Lancashire County Council welcomes funding to preserve Rivington Terraced Gardens

3 February 2016
Tags: News

Lancashire County Council has welcomed the award of a £3.4million Heritage Lottery Fund (HLF) grant to the unique Rivington Terraced Gardens.

This funding means that a three year programme of work can be carried out by heritage experts to protect the buildings and the landscape.

The Rivington Heritage Trust, working with Groundwork Cheshire Lancashire and Merseyside, led the successful application to the Heritage Lottery Fund (HLF) and Big Lottery Fund Parks for People grant programme.

Work to conserve, repair and protect the gardens will eventually lead to buildings like the Pigeon Tower being repaired and opened to the public for supervised visits for the first time in many years.

Improved information boards, an interactive website and guided tours will also be available.

This unique Lancashire garden has been identified as one of the top ten lost gardens in the UK, and featured on the BBC Countryfile programme in November 2014.

County Councillor Marcus Johnstone, Lancashire County Council's cabinet member for environment, planning and cultural services, said: "It is great news that funding has been allocated to preserve Rivington Terraced Gardens for future generations to enjoy.

"They really were in danger of being lost, and I've worked with a colleague, County Councillor Kim Snape, for the last two years to help to secure this funding.

"It is a very special place and the grant is a victory rewarding the effort of many organisations, including the Rivington Heritage Trust and the Community Forum, who have worked together to achieve this. There is an opportunity now for more people to get involved and help to restore and protect this landmark before it is too late so that many visitors can enjoy it in the future."

Rivington Heritage Trust chairman Bryan Homan, said “This is a great result for the gardens and for the county. The Rivington Heritage Trust has been working towards this goal for over four years and it's a testament to the hard work and commitment of our partners, and the scores of volunteers who have supported the project, that we've achieved this milestone.”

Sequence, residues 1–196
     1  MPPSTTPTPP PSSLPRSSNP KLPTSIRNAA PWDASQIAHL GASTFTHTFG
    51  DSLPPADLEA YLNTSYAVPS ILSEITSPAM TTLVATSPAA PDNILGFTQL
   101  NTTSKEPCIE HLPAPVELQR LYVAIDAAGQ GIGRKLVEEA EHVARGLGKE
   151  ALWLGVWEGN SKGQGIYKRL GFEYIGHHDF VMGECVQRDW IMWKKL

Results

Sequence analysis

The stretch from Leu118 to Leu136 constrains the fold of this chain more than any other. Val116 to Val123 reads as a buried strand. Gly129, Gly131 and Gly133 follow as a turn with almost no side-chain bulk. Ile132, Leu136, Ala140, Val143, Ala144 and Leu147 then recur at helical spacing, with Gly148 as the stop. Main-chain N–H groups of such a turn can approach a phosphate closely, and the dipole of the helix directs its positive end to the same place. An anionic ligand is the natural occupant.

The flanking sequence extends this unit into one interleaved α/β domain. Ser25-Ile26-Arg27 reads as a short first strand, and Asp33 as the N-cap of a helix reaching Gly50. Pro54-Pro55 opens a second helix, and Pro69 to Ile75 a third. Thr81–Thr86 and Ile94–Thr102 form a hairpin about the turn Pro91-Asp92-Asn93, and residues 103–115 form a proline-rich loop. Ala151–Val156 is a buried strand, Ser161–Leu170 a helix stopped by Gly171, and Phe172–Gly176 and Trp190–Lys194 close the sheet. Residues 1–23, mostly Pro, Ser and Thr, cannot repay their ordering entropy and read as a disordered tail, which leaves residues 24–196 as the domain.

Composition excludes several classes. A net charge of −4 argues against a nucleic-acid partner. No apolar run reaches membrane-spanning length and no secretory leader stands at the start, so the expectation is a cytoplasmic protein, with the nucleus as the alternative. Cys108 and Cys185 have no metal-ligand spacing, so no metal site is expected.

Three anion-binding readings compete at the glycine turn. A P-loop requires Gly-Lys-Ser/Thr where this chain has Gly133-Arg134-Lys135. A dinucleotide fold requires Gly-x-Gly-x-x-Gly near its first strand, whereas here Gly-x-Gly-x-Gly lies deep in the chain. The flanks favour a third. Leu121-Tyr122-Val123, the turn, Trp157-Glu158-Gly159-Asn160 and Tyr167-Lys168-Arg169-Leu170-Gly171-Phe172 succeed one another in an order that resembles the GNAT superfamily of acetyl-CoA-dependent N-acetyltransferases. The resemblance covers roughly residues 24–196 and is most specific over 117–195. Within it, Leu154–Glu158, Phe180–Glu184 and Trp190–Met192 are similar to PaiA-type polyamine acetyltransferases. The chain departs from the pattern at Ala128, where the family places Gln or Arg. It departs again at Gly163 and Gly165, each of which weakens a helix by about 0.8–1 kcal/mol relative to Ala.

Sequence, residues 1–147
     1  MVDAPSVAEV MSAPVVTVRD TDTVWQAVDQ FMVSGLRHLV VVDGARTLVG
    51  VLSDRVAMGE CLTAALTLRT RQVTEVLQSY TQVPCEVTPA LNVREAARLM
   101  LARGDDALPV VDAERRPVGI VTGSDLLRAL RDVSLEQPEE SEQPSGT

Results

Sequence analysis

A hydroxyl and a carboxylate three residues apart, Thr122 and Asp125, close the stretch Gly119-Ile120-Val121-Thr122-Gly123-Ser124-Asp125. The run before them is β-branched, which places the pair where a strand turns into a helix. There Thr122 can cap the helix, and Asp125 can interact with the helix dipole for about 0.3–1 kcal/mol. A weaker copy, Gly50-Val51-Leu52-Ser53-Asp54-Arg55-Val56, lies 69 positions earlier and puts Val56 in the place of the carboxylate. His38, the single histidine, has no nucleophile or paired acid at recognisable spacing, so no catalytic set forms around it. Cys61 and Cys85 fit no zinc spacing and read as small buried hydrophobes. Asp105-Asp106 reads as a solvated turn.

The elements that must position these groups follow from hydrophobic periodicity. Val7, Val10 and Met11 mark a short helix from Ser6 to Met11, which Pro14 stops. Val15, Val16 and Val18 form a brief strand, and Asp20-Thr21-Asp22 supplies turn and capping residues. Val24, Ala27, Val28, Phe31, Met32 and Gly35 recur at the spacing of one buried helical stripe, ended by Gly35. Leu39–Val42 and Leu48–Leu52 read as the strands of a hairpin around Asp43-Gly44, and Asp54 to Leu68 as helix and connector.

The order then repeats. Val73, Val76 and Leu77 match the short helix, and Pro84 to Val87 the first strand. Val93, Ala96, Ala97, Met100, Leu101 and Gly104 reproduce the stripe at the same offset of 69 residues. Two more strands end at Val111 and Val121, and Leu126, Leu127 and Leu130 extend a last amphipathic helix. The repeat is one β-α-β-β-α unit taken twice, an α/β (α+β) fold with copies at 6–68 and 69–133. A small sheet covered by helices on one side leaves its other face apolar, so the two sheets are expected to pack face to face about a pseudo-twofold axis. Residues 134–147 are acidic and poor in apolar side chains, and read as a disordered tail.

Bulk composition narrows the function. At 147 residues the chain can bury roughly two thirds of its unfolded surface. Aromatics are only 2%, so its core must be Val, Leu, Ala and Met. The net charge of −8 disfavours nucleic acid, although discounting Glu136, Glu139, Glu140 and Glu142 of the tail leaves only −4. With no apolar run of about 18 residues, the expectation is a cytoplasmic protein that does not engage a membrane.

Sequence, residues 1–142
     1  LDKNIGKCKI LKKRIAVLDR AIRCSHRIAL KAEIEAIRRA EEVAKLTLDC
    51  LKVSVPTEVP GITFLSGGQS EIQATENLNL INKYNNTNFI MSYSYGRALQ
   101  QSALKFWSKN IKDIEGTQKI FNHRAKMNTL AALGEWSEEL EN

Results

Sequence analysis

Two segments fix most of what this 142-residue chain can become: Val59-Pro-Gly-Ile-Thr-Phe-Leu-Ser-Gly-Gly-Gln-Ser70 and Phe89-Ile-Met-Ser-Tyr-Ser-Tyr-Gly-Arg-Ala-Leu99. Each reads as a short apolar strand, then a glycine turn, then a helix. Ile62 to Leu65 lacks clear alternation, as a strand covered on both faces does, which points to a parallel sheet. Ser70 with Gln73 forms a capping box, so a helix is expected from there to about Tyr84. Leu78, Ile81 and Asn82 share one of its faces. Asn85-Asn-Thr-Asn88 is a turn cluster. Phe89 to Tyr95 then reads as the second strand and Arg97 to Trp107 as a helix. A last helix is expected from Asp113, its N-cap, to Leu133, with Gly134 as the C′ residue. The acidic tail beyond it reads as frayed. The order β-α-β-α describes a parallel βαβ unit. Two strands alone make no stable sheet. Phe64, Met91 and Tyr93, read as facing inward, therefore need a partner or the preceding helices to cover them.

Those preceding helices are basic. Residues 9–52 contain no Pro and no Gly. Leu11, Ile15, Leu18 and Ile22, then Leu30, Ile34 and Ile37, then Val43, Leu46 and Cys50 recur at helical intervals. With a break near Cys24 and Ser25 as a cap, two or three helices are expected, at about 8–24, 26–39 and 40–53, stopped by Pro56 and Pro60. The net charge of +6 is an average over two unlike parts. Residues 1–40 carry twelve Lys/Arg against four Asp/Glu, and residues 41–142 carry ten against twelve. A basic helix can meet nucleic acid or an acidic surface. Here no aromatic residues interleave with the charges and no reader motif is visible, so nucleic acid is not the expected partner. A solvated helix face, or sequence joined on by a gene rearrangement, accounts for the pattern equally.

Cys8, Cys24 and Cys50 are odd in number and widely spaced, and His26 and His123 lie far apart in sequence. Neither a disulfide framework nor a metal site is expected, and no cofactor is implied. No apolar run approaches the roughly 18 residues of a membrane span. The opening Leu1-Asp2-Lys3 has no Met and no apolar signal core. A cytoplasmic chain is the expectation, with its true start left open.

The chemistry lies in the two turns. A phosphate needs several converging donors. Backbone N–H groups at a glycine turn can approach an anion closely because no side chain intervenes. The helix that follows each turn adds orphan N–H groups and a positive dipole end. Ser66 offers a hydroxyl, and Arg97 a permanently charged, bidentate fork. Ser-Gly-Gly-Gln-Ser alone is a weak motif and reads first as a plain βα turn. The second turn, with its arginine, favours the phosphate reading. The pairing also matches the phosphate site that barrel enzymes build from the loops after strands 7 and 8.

Ben Williams, project manager at Groundwork Cheshire, Lancashire and Merseyside, said: "It's been a huge privilege to lead the development of this project. We've benefited from an enormous amount of support and goodwill from the local community over the years, and we've been working closely with the West Pennine Moors partnership to make sure that we maximise the benefit of this investment to the area."

The news came as part of a £32million funding announcement for parks and cemeteries across the UK. Sara Hilton, head of Heritage Lottery Fund North West, said on behalf of HLF and the Big Lottery Fund: “Shrouded in drama and mystery, the Rivington Terraced Gardens are among some of the most atmospheric places to enjoy nature in the UK. Thanks to National Lottery players our investment will help save this special place from further dilapidation whilst preserving its much-loved character and opening up its important history to visitors.”

The Rivington Terraced Gardens were built on the edge of the West Pennine Moors by Lord Leverhulme in the early 20th century. They are a Grade II listed park, and 11 of the features on the site, including the Pigeon Tower and seven-arched bridge, are also listed at Grade II.

Work is expected to start in the spring of 2017, continuing through most of the year.

Activities that are part of the plan for the gardens will start this year, providing more opportunities for people of all ages and backgrounds to get involved in the project and help to look after the gardens.

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